Now that the new year is well underway it’s a good time to check in on the commitments and goals we have set ourselves. At Sima one of the most common resolutions we hear from participants year after year is to speak up more and make themselves heard at work. So what’s stopping people and is there anything that can be done to overcome the fears behind speaking up?
Over the course of 2023, we surveyed over 1200 individual contributors, across a variety of sectors and job roles, asking them: “What would you dare not say to your manager or director?”
The employees speak up
The responses formed the core of our programme on developing a culture of speaking up in the context of an individual’s job role. The statements were gathered anonymously, to ensure a certain degree of honesty without fear of being singled out.
Pay Related – 13%
Employees may feel uncomfortable discussing their pay due to various reasons such as fear of retaliation or a perceived power imbalance. To mitigate this situation, organisations should strive for transparency in their compensation policies and have clear channels for employees to discuss their concerns about pay. Regular communication about salary structures, performance-based raises, and opportunities for growth can help alleviate some of the apprehensions.
About the Manager/Director – 30%
This high percentage suggests that there may be issues related to managerial or leadership effectiveness. Organisations should encourage open and constructive feedback channels to address concerns about managers or directors. Anonymous feedback mechanisms, regular performance evaluations, and leadership training programs can help improve the relationship between employees and their managers. Creating a culture of trust and psychological safety will also encourage employees to voice their concerns without fear of retribution.
Processes and Job – 34%
This category indicates potential inefficiencies or frustrations with job-related processes. Organisations should encourage a culture of continuous improvement where employees can provide feedback and suggestions for process optimization. Regular check-ins, team meetings, and process reviews can identify pain points and allow for collaborative problem-solving. Implementing technology solutions or providing additional resources may address some of the concerns raised by employees.
Personal to the Employee – 9%
Employees may hesitate to discuss personal matters that affect their work, such as health issues or work-life balance challenges. Organizations can support employees by promoting a healthy work-life balance, offering flexible work arrangements, and providing access to employee assistance programs or wellness initiatives. Encouraging open communication and empathy within the workplace can help employees feel comfortable discussing personal challenges that impact their work.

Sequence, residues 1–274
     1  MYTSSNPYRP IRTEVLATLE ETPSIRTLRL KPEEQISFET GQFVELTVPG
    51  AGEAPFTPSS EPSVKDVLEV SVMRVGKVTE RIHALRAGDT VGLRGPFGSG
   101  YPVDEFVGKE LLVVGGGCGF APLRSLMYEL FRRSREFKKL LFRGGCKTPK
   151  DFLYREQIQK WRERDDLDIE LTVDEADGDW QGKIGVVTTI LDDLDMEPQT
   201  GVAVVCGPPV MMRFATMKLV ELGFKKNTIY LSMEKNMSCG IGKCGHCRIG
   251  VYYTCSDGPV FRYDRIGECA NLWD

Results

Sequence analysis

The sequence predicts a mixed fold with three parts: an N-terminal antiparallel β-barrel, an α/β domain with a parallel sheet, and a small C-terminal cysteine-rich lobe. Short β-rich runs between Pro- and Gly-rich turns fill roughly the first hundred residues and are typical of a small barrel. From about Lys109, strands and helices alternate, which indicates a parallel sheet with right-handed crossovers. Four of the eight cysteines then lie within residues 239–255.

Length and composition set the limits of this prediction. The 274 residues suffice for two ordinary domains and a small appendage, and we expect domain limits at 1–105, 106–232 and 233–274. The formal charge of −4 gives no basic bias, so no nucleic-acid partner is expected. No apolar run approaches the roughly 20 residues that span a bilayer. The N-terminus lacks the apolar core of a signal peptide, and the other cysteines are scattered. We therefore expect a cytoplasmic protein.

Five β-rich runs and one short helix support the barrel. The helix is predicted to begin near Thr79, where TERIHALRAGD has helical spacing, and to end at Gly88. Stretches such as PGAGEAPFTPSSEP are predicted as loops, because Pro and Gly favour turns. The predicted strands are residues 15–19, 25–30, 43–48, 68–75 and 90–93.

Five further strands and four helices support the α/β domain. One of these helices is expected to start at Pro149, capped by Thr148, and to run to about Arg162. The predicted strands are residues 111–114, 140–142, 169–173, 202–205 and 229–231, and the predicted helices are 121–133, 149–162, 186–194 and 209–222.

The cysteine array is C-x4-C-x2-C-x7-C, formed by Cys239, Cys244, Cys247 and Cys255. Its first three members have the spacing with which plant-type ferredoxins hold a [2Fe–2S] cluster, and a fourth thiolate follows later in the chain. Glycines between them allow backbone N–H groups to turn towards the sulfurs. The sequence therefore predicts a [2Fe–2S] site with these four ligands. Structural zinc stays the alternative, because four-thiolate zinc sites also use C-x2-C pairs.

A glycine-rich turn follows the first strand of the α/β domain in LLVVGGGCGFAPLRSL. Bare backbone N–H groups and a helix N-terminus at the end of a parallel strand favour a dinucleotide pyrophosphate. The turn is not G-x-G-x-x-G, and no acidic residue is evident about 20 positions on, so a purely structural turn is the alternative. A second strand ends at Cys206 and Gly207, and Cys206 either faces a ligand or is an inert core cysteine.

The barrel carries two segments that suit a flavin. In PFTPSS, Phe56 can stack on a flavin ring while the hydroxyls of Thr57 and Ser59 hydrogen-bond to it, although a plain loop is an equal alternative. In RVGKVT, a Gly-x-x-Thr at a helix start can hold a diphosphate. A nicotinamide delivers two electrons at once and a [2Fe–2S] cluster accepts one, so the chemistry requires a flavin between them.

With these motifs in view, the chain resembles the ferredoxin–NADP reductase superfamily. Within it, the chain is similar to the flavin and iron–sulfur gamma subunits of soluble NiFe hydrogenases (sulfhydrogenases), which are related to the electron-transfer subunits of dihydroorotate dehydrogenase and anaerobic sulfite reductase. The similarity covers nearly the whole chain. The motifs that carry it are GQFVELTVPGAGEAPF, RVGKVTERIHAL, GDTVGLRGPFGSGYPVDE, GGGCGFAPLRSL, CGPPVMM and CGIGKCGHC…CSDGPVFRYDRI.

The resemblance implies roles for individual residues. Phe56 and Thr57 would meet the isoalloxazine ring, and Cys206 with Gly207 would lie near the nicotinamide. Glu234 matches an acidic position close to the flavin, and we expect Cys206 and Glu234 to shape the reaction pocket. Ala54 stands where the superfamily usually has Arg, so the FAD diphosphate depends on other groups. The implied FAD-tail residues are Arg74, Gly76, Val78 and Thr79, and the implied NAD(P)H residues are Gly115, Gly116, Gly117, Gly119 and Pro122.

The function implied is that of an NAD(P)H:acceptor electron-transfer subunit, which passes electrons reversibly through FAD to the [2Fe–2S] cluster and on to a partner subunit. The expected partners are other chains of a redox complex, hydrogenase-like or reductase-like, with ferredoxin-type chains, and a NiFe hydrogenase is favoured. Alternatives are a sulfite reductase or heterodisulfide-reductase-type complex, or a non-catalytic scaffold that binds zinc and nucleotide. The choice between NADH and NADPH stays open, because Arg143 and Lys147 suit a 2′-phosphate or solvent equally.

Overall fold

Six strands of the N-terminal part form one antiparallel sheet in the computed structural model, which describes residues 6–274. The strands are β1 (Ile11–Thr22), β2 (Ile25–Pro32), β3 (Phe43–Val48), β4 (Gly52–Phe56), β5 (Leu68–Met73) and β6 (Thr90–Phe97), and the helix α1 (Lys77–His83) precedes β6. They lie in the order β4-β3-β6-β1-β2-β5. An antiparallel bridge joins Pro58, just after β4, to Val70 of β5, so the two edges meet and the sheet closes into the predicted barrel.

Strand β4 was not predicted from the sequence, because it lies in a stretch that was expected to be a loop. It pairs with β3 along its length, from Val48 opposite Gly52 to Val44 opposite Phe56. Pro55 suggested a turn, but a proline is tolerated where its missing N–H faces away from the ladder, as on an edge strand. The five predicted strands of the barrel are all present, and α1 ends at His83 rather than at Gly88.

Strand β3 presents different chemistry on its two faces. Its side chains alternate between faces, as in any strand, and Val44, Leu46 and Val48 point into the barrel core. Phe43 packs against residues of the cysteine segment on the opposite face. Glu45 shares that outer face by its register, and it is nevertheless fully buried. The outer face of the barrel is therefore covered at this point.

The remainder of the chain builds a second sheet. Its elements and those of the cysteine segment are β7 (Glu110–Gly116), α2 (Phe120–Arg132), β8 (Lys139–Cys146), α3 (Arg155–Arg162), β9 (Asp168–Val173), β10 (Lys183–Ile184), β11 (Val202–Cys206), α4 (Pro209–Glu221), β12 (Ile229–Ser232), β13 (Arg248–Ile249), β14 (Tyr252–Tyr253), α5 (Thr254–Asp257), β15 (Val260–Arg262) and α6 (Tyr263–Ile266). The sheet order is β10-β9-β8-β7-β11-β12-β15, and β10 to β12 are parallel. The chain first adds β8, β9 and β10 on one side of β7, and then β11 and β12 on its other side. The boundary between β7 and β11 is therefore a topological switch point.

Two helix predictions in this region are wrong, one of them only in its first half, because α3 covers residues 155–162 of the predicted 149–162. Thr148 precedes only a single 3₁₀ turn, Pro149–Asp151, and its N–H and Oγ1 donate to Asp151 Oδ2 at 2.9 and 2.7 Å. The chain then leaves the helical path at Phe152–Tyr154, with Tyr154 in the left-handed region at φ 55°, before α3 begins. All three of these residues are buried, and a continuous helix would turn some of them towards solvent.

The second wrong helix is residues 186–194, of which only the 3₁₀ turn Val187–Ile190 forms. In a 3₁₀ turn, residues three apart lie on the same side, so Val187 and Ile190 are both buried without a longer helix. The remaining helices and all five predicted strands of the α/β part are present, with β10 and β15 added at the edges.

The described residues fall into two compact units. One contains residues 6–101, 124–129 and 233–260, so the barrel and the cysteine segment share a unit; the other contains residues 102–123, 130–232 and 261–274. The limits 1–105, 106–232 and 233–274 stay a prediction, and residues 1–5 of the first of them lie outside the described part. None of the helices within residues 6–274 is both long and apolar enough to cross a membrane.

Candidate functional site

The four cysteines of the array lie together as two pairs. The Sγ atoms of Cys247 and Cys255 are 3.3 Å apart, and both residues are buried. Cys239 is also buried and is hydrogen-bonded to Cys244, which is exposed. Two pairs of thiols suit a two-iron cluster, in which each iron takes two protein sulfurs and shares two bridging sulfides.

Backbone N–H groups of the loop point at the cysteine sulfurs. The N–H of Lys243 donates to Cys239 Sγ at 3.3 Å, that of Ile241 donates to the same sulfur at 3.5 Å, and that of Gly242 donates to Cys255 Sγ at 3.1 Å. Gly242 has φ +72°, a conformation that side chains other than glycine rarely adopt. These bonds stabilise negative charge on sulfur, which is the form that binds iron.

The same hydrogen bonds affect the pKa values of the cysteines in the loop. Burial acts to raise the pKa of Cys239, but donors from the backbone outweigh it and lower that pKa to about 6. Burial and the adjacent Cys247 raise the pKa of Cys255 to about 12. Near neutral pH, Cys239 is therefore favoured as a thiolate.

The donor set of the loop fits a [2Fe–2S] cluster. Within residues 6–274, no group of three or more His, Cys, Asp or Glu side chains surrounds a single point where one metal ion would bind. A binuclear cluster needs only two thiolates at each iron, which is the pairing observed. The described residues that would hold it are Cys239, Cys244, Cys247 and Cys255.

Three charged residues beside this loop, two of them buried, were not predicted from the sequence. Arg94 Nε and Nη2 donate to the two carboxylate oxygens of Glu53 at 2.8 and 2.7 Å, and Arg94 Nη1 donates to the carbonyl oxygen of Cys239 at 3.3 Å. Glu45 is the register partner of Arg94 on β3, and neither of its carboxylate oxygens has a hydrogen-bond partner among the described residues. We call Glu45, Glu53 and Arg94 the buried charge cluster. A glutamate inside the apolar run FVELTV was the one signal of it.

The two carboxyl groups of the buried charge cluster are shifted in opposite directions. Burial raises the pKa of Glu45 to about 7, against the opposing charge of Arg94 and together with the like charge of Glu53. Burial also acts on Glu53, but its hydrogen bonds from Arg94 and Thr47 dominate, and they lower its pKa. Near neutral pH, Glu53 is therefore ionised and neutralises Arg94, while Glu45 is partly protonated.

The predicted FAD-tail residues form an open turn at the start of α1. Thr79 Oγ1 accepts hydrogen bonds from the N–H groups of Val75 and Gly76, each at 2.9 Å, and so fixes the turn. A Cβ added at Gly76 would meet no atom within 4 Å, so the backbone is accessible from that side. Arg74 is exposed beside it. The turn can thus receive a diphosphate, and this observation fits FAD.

Peers and Colleagues – 4%
While this category has a lower percentage, it’s still important to address any conflicts or performance issues among peers and colleagues. Organisations should foster a culture of open communication, conflict resolution, and team-building activities. Providing training on effective communication, conflict resolution, and collaboration can help mitigate these situations.
Work from Home (WFH) – 4%
With remote work becoming more prevalent, addressing concerns related to remote work is crucial. Organisations can provide clear guidelines, expectations, and support systems for remote employees. Regular check-ins, virtual team-building activities, and communication tools can help foster connection and productivity in a remote work environment.
Others – 6%
This category includes unique or specific concerns not covered by the predefined categories. It is important to have mechanisms in place to address these individual concerns. Encouraging open-door policies, feedback mechanisms, and regular employee surveys can help identify and address these specific issues.
Encouraging staff to speak up on their expertise is an important element of any successful organisation. This requires two things:
- Staff must realise that they are experts in their job, no matter their level or role, they are being paid to do a job and only they can see where latent issues and/or improvements lie; and
- The environment is key. Creating a psychologically safe environment promotes sharing and enables leaders to get the most of the team and develop staff to their potential.
The challenge will be different for every department, for every team, for every organisation. Simia’s engaging and thought-provoking programmes on psychological safety and speaking up are designed with each client’s situation in mind. Through support for both leaders and contributors in creating the best environment to experiment, we help our clients reach their potential.